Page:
Today is #HousingDay (hashtag housing day) a day designed to promote social housing and highlight all it does for people in the UK, how important it is and just what the need for social housing is.

I know from my own experiences just how much having access to a flat that is fully adapted to my needs, is safe and secure (in terms of both safety and tenancy) and affordable is.  It’s more than a roof over your head it’s the ability to make plans and do things and get on with your life that might otherwise be impossible.

And in both parts of my CAB  role (adviser/gateway assessor and social policy coordinator) over the last few years I’ve seen more and more people becoming homeless, struggling to find somewhere to live that meets their needs either due to availability, costs, access needs or landlords who won’t accept housing benefit.

I rent from a social landlord – Soha Housing – to be specific and a few weeks ago they made me aware of a call from TPAS for residents who were willing to share their own stories of being residents and volunteering to work with their housing provider. I’ve been involved since 2010 and we’ve gotten to know each other pretty well. So knowing I like to write they asked if I’d be interested in sharing my story.

I wrote my story and it was pretty tricky. There’s no doubt that the volunteering I do – both for Soha but also for CAB – plays a huge role in my life and in many ways has changed my life.  Even taking the CAB aspects of my volunteering out of the equation there was still loads I could say about the matter and it was difficult to know what to include and what to leave out to make the point about why resident involvement is so important to me in just a couple of hundred words.  But I did my best and sent it off and Soha submitted it to TPAS.  And we didn’t hear anything about it.

Fast forward to this lunchtime and I went on twitter to discover that TPAS had chosen ten of the resident stories they had received to highlight and help promote Housing Day. Mine was one of the ten.  I’m really proud to have the opportunity and a bit surprised!  Two of my fellow Soha residents and friend Carole and Richard also had their stories chosen.  All ten of the stories are well worth a read – find them here.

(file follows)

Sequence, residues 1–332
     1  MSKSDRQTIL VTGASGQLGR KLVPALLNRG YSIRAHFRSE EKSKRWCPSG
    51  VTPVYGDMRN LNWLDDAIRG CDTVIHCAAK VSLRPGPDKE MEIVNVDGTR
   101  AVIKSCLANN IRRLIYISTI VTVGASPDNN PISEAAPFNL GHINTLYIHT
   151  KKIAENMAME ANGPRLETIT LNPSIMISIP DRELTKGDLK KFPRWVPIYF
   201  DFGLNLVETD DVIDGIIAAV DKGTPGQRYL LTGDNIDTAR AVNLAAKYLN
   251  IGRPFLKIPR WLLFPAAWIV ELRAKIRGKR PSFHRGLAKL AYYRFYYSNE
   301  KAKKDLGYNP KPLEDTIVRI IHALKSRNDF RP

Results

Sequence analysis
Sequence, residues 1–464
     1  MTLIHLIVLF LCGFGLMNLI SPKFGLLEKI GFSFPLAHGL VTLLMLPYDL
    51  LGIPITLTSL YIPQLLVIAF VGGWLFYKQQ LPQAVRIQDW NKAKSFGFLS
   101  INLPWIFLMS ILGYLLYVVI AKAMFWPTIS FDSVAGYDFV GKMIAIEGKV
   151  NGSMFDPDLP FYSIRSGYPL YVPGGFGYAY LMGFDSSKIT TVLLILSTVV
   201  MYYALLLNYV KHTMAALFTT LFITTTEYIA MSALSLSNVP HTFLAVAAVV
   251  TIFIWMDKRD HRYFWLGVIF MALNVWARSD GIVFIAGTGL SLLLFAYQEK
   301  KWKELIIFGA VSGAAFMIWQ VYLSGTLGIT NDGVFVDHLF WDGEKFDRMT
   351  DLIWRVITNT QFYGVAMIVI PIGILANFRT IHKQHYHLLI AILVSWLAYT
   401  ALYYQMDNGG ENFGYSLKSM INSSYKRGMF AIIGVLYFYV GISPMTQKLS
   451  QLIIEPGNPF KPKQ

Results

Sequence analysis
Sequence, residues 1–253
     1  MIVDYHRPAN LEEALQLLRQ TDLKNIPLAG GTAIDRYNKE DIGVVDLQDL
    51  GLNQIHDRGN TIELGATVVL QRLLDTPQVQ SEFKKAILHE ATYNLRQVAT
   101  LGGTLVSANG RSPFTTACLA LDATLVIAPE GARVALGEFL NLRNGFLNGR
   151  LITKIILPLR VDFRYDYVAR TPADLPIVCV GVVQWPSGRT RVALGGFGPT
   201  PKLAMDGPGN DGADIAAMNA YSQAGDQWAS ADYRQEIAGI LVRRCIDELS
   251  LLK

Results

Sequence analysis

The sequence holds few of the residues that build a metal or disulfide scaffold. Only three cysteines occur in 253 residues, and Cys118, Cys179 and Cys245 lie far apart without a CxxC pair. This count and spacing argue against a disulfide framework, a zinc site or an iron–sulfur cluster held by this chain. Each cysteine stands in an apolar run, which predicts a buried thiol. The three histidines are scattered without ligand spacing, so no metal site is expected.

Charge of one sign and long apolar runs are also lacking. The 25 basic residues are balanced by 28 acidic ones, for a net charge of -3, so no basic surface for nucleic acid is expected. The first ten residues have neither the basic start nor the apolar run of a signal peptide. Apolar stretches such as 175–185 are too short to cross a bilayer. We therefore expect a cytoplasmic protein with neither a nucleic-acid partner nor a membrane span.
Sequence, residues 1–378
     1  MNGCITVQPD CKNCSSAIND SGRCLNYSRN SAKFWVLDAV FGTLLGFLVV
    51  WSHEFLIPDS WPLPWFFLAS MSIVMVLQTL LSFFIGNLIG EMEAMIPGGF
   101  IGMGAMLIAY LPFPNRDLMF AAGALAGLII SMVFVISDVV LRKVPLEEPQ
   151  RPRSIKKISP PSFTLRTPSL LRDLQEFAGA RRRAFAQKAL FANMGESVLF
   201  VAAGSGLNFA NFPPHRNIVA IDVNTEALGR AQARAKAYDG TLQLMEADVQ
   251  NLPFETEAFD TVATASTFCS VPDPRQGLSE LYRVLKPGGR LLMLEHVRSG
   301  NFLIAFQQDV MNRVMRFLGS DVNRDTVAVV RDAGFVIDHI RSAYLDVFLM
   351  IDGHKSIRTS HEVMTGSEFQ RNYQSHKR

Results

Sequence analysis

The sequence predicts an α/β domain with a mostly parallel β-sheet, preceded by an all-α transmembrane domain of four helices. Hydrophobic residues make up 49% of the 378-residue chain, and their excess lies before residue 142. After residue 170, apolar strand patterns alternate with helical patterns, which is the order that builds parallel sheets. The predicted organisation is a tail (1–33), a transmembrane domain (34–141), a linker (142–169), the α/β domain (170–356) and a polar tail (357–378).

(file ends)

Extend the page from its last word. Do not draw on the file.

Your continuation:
Looking back at what I wrote today I think it’s also fair to say a lot of what I wrote about how being involved with Soha helps me – especially my last paragraph – can also be applied to my CAB work.  People have in the past said to me they don’t understand why I volunteer and how I could just sit at home and no one would blame me.  But I’d be a lot worse off – and possibly in need of greater medical and other support – if I did that.  Because that’s the difference volunteering makes.

 

The Longest Six Months Ever

My first ever shift as a CAB volunteer was Wednesday 1st September 2004.

I was looking for paid work and wanted to do some volunteering to keep me busy whilst Iooked and so I had something work wise to put on my CV.  I was going to do admin and I’d said I thought I’d do six months.  I wasn’t going to train as an adviser because you really needed to commit 12 – 18 months for that.

But then very quickly I was going to train to be an adviser.  And then social policy came into my role there. Followed by gateway assessor.  I can’t remember which way round those last two happened but I think it was that way round.  It’s strange I can’t remember when they were both a big deal when they happened.  And I love doing gateway now but I was so nervous of it when it came in.

Then I’d been there a year and that seemed strange.  A few more years passed and I’m suddenly one of the ones who’ve been volunteering the longest.  And now, today, it’s been ten years.  It’s a bit like “holy crap how did that happen, surely I’m still 22 and I only graduated a few months ago?!”